GST Anti-Profiteering Provisions: Delhi High Court Set To Hear Constitutional Challenge
Photographer: Dhiraj Singh/Bloomberg

GST Anti-Profiteering Provisions: Delhi High Court Set To Hear Constitutional Challenge

As many as 50 companies across sectors, including real estate, consumer goods and quick service restaurants, have challenged the constitutional validity of the anti-profiteering provisions under the Goods and Services Tax.

The companies include Hindustan Unilever Ltd., Jubilant Foodworks Ltd., Johnson & Johnson Pvt. Ltd., Nestle India Ltd., and Reckitt Benckiser India Pvt. Ltd. While each will argue on specific facts of their case, the high court will first hear their arguments against the constitutional validity of Section 171 of the Central GST law.

The anti-profiteering provision says that suppliers of goods and services must pass on the benefit of any reduction in rate of tax or the benefit of input tax credit. The benefit must result in commensurate reduction in prices and the National Anti-profiteering Authority, or NAA, is empowered to ensure this. As per Rule 126 of the CGST, the NAA may determine the methodology and procedure for determining whether this benefit has been passed on.

The 50 companies are set to argue that both these provisions are bad in law on broadly four grounds, three lawyers involved in the matter told BloombergQuint.

Violation of Article 19(1)(g) of the Constitution, which allows any person to practise any profession, or to carry on any occupation, trade or business.

The manner in which the anti-profiteering provisions are being applied is restricting the right of companies to undertake business in the country, which is a market economy. The computation to determine profiteering is based solely on the change in tax rate, ignoring all other commercial realities and input costs, the companies have said in their submissions.

In its orders, the NAA has refused to take into account issues like increase in cost of raw material and utilities, currency fluctuations, etc., while determining profiteering, Rohan Shah, Supreme Court counsel and lawyer for some of the petitioners, pointed out. This means price has to remain static or be reduced if an industry has either got a GST rate cut or better credit mechanism, he said.

Apparently, this is something you have to do for an undefined period. Businesses are expected to keep their prices deflated forever. This becomes a mechanism of price control which is unconstitutional and bad in law.
Rohan Shah, Counsel, Supreme Court

In several of its orders. NAA has assumed that tax and credit are the only two factors influencing prices, Shah pointed out. Let’s say in November 2017, there’s a GST rate cut for a particular product but in December, the foreign exchange rate went up—the expectation is there shouldn’t be an increase in price, he said.

Infringement of Article 14, which promises equal protection from law.

The arguments here is that section 171 and Rule 126 give unfettered discretion to the NAA to determine profiteering. Leaving it up to the NAA to determine methodology to compute profiteering, the companies have submitted, amounts to excessive delegation.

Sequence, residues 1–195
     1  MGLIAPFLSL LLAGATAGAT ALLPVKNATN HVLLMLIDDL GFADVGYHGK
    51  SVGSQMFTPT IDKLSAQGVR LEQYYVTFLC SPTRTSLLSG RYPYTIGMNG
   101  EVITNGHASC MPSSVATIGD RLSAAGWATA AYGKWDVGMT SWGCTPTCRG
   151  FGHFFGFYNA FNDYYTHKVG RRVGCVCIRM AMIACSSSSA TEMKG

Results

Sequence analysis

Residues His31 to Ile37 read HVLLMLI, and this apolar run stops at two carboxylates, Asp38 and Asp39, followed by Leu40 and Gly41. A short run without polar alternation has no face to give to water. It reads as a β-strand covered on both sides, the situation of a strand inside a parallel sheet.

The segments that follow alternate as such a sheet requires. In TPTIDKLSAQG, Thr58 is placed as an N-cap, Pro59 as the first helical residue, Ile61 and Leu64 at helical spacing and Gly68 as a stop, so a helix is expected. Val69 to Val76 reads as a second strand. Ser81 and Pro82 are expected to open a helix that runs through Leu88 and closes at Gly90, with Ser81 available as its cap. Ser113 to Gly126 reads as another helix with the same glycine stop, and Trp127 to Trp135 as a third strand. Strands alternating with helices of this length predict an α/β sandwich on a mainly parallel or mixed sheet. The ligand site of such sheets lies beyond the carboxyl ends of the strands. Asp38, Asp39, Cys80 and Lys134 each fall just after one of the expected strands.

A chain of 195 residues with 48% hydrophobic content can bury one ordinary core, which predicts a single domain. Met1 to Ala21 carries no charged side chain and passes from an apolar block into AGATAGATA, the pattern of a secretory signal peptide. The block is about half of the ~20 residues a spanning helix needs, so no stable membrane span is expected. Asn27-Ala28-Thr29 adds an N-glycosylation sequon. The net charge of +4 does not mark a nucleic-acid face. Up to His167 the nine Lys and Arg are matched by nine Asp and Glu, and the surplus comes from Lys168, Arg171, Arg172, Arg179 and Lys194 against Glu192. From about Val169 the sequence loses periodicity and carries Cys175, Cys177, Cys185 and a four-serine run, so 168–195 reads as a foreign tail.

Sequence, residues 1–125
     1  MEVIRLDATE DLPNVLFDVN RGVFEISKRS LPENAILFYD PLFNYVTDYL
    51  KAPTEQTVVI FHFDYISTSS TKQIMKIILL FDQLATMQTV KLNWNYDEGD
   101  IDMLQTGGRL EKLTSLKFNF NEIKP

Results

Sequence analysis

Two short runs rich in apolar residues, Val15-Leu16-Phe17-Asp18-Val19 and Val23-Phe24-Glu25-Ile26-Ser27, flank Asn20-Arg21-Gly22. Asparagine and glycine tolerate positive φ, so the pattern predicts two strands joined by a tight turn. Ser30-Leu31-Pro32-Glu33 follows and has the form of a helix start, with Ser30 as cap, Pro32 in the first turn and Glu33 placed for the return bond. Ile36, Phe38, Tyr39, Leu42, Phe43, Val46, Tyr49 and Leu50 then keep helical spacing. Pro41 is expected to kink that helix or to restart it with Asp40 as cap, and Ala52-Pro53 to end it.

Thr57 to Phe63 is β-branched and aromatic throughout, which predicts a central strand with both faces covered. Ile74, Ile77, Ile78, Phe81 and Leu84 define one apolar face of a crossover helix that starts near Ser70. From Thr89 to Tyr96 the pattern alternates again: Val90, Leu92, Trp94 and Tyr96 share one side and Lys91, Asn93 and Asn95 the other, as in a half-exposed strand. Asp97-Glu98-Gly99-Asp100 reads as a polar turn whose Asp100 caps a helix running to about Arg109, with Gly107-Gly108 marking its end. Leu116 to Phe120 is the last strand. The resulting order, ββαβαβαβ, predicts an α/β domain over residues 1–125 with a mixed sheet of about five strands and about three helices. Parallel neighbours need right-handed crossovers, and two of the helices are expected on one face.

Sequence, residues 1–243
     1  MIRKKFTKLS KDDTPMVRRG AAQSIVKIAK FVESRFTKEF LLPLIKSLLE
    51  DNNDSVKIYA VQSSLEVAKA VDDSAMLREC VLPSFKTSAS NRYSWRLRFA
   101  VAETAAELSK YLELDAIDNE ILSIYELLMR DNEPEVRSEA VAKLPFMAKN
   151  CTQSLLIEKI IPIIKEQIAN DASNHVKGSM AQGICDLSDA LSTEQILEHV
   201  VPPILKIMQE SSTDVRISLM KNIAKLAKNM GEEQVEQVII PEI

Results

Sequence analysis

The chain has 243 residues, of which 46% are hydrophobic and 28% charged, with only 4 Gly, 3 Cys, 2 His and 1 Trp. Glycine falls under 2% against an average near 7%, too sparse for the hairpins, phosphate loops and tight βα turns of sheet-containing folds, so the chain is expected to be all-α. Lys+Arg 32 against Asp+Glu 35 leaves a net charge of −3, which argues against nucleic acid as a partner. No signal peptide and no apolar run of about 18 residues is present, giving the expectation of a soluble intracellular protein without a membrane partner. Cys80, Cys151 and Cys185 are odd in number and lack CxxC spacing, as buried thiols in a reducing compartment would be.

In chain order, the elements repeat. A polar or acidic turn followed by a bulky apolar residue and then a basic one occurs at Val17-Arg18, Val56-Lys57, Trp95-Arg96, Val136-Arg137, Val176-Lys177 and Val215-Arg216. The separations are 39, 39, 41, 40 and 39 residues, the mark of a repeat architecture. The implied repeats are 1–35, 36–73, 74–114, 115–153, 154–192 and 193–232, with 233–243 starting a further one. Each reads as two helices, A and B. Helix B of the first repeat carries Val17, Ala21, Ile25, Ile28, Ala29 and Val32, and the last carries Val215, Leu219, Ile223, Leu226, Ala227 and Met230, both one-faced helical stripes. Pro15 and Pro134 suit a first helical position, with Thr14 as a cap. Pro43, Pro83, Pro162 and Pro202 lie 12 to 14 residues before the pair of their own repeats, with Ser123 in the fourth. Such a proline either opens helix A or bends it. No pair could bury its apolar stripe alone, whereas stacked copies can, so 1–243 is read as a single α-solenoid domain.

Further, the NAA also has the power to impose penalty and cancel registration as per the CGST Rules. The consequences of the breach and such powers should have been mentioned in the CGST Act itself and such wide and uncontrolled powers cannot be conferred under the CGST Rules, Charanya Lakshmikumaran, partner at Lakshmikumaran & Sridharan, said.

In a case involving Central Excise Rules, the Supreme Court has held that if there’s no substantive provision in the statute for the levy of interest or penalty, such a demand cannot be levied based on the application of rules.
Charanya Lakshmikumaran, Partner, Lakshmikumaran & Sridharan 

Arbitrariness In NAA’s Orders

The companies have submitted that lack of specified methodology to determine profiteering has led to discrimination and arbitrariness. Rule 126 requires the NAA to first determine the methodology and then assess whether there’s a case of profiteering, they have stated.

On methodology, the problem is twofold, Abhishek Rastogi, partner at Khaitan & Co. and lawyer for several petitioners, pointed out.

First, whether the methodology used in terms of the formula by NAA is the right mechanism to determine the quantum of profiteering. For instance, he said, whether the ratio of input tax credit to taxable turnover for the real estate sector is the right ratio to determine the quantum of profiteering.

Second, Rastogi said, how and why this ratio has been used and if this is the correct ratio then who has prescribed it? Companies have also submitted that different ratios or formula has been used for different sectors.

This leaves the taxpayers with uncertainty and this whole chaos is due to non-prescription of common methodology for sectors. Finally, the same ratio is giving different results for the same sector.
Abhishek Rastogi, Partner, Khaitan & Co.

Composition of NAA

The final constitutional challenge has to do with the absence of any judicial member as part of NAA.

As per the CGST Rules, the chairman of the NAA must be an officer of the rank of secretary to the central government and the technical members must be of commissioner rank. The rules do not contemplate appointment of any judicial member as a part of the authority.

The NAA is labelled as an authority but it is exercising quasi-judicial powers, the companies have said. This makes it a tribunal and lack of a judicial member on it is contrary to the Supreme Court’s ruling in Madras Bar Association case. In this case, the apex court had held that tribunals should always have a judicial member.

"The constitution of the NAA itself being bad, any order or proceedings before it are bad in law," Shah said.

The case will come up for hearing before the high court on Dec. 7.

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